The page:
Thanks to genetics, I am now dealing with high blood pressure. I was recently given a referral to see this same doctor.  Although I knew of him from my mom and dad I never met him until a few weeks ago. During my first appointment  we were going over my medical history when I said, " I know we have never met but you used to treat my mom.  Do you by chance remember Mary Huffman?"   He immediately stopped writing and looked up at me. In more of a statement than a question, he said "Yes, she died a few years ago at Madigan hospital".   He removed his glasses to wipe the tears from his eyes.  After a few minutes he said “I’m sorry, I never do this but your mom …… she touched my heart".  

He got up walked across the room to hand me a Kleenex. He said," Did you know I gave your dad my cell phone number"? I laughed and said" Yes, I did!"  I thought for a split second about asking him how his wife was doing but I was afraid to know. I am not sure I would have been able to finish the appointment if she had died as well. I guess I am not as brave as my mom.

After my appointment he walked me out to the reception desk. He asked me how my dad was doing. I answered him. As he shook my hand I looked him in the eye and said," thank you for taking such good care of my mom". He smiled and said..."It was my pleasure".

I love that God allowed me to see  how, even through a very difficult time mom reached out to encourage this doctor.  She did that so beautifully through her life and even more while she was battling cancer. She would pray each morning that God would show her who she was supposed to talk with that day. She purposefully sought opportunity to bring encouragement to others.  Some days it was just a smile, or a kind word. Once she even ended up praying for a women she met in a restaurant bathroom!   These little act of kindness may not seem like much. Nothing that is going to make the evening news, but as we can see through this doctor, you never know how something you say or do will touch someone’s heart.

We will probably never know the full extent of these "little things" until we get to heaven. It reminds me of a song that was popular a few years ago by Ray Boltz , "Thank You".  Here is just a small part of the lyrics.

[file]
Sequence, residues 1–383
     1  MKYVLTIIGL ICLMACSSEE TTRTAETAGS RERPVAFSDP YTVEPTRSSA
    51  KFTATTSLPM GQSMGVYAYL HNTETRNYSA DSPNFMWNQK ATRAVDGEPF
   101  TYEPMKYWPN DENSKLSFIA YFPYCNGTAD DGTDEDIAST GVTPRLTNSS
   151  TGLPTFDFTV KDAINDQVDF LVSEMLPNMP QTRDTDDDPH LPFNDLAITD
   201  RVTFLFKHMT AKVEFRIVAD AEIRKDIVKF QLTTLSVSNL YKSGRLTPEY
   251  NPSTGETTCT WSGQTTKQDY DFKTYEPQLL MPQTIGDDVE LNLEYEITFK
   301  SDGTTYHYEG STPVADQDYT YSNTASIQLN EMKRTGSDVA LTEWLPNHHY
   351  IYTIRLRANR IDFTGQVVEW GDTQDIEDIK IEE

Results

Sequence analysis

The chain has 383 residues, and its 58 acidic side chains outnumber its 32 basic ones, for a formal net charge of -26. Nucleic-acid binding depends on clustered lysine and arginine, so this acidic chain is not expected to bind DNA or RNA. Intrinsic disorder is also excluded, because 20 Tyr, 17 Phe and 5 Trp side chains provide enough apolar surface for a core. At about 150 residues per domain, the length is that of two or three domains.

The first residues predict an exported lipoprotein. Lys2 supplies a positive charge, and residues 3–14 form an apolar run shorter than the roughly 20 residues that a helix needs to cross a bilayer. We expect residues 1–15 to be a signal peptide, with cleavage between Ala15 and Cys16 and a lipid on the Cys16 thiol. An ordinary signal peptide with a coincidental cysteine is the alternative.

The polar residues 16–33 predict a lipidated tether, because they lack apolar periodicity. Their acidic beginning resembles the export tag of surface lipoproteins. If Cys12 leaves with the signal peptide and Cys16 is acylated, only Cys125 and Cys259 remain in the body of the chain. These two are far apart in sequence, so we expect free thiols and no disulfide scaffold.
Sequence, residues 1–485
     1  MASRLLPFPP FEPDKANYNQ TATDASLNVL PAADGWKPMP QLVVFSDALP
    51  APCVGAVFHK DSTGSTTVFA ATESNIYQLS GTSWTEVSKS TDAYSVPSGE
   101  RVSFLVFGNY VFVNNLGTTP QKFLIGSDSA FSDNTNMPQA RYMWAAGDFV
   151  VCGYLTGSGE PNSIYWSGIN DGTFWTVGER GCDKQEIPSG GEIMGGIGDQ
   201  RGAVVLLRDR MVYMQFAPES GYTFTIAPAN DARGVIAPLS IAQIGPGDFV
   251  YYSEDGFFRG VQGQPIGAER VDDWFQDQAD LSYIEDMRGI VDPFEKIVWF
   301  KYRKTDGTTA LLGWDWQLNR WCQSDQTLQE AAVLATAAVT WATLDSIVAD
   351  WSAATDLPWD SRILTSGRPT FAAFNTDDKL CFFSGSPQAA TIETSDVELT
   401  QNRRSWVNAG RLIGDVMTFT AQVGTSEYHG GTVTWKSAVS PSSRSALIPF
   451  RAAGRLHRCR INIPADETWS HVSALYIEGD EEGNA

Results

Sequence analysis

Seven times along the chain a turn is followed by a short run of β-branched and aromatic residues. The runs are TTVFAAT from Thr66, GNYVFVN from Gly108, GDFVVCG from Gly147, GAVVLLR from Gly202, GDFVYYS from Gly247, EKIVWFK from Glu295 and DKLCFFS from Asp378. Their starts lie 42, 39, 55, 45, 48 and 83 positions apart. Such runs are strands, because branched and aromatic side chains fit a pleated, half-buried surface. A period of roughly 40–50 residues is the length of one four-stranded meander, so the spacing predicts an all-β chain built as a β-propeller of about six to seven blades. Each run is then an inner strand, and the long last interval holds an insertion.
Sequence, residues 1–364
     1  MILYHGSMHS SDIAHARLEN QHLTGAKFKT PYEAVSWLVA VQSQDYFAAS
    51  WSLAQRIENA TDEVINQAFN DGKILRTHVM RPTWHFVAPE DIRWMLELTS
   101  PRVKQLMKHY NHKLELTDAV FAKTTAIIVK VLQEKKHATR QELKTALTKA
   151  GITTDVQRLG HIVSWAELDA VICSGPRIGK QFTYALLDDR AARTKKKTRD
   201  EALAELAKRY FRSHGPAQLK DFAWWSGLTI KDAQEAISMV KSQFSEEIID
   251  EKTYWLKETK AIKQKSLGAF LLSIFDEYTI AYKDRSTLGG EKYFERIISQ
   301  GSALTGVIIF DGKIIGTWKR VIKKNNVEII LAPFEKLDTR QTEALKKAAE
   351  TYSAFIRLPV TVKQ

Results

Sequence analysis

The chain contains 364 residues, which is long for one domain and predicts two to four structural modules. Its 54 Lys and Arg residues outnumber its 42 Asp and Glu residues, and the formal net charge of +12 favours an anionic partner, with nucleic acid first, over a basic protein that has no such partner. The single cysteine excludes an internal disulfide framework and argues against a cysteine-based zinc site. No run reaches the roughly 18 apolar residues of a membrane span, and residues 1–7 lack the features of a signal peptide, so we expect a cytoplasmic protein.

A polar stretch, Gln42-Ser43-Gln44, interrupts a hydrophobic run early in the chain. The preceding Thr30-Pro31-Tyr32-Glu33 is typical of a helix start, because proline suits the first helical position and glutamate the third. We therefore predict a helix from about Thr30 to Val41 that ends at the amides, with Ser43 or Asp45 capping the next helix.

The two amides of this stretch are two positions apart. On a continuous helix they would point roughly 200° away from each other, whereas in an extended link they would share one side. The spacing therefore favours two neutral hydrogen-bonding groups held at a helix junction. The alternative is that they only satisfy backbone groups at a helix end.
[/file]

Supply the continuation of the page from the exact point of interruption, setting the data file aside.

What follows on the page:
One by one they came
Far as your eyes could see
Each life somehow touched
By your generosity
Little things that you had done
Sacrifices you made
They were unnoticed on the earth
In heaven now proclaimed

And I know that up in heaven
You're not supposed to cry
But I am almost sure
There were tears in your eyes
As Jesus took your hand
And you stood before the Lord
He said, my child look around you
For great is your reward

To reach out, with compassion, love, and simple human kindness.  That is something we can all purpose to do!  Who in your life might need a little bit of human kindness?  

Here is the link to the song if you want to hear the entire thing and be encouraged!

Sunday, August 23, 2015

A Hawaiian Angel

My mom has been gone for over 2 years, yet yesterday I had a very vivid memory of her. I felt like I was dreaming even though I was wide awake.

It was during her last few weeks of life. She was at the hospital in the hospice room. My sisters and I took turns staying with her through the night, not wanting her to be alone. This particular night I stayed with her. It was not a good night for my mom. She was extremely restless and agitated. Nothing we did would calm her. It seemed like the more medicine the nurse gave her the more agitated she became. I just remember feeling helpless, and praying our way through the night. I was so thankful when the darkness of the night slowly faded away as the light of the new day began to form. I prayed that this day would be better. That she would be able to get some rest and feel relief from whatever was upsetting her so much.

That morning my sisters and dad returned to the hospital. The team of doctors that were in charge of her hospice care wanted to have a meeting with the family. Knowing we didn’t want my mom to be alone, especially after her difficult night, the doctor walked into the room followed by an older lady. I cannot remember if she was a nurse but he assured us that this lady would sit with my mom and take care of her while we were gone.  We left the room feeling sure that she would be watched over. About 45 minutes later we walked back into the room. The moment we entered you could feel a since of peace and calm.  The women was sitting right beside my mom, rubbing her arms and singing softly. My mom was peacefully sleeping. The most at peace she had been all night. I wanted to cry. I was so thankful that my mom was finally able to get some rest. The women saw us enter the room, very quietly got up and walked out of the room.  We never saw her again. I don’t know her name or where she came from but I have no doubt God sent her to minister peace and calm to my mom.

The last few weeks of my mom’s life were very difficult. I think during an extremely difficult emotionally draining time you enter into what I call survival mode. It’s as if your mind puts a protective shield about you so you can do what you need to do.  Now over 2 years later little memories are coming back. That particular moment with my mom was probably one of the hardest emotionally and physically. I have not allowed myself to think about that night before. It caused too much sorrow. Now enough time has passed there is not as much sorrow attached to the memories and I am able to see a little moment of joy.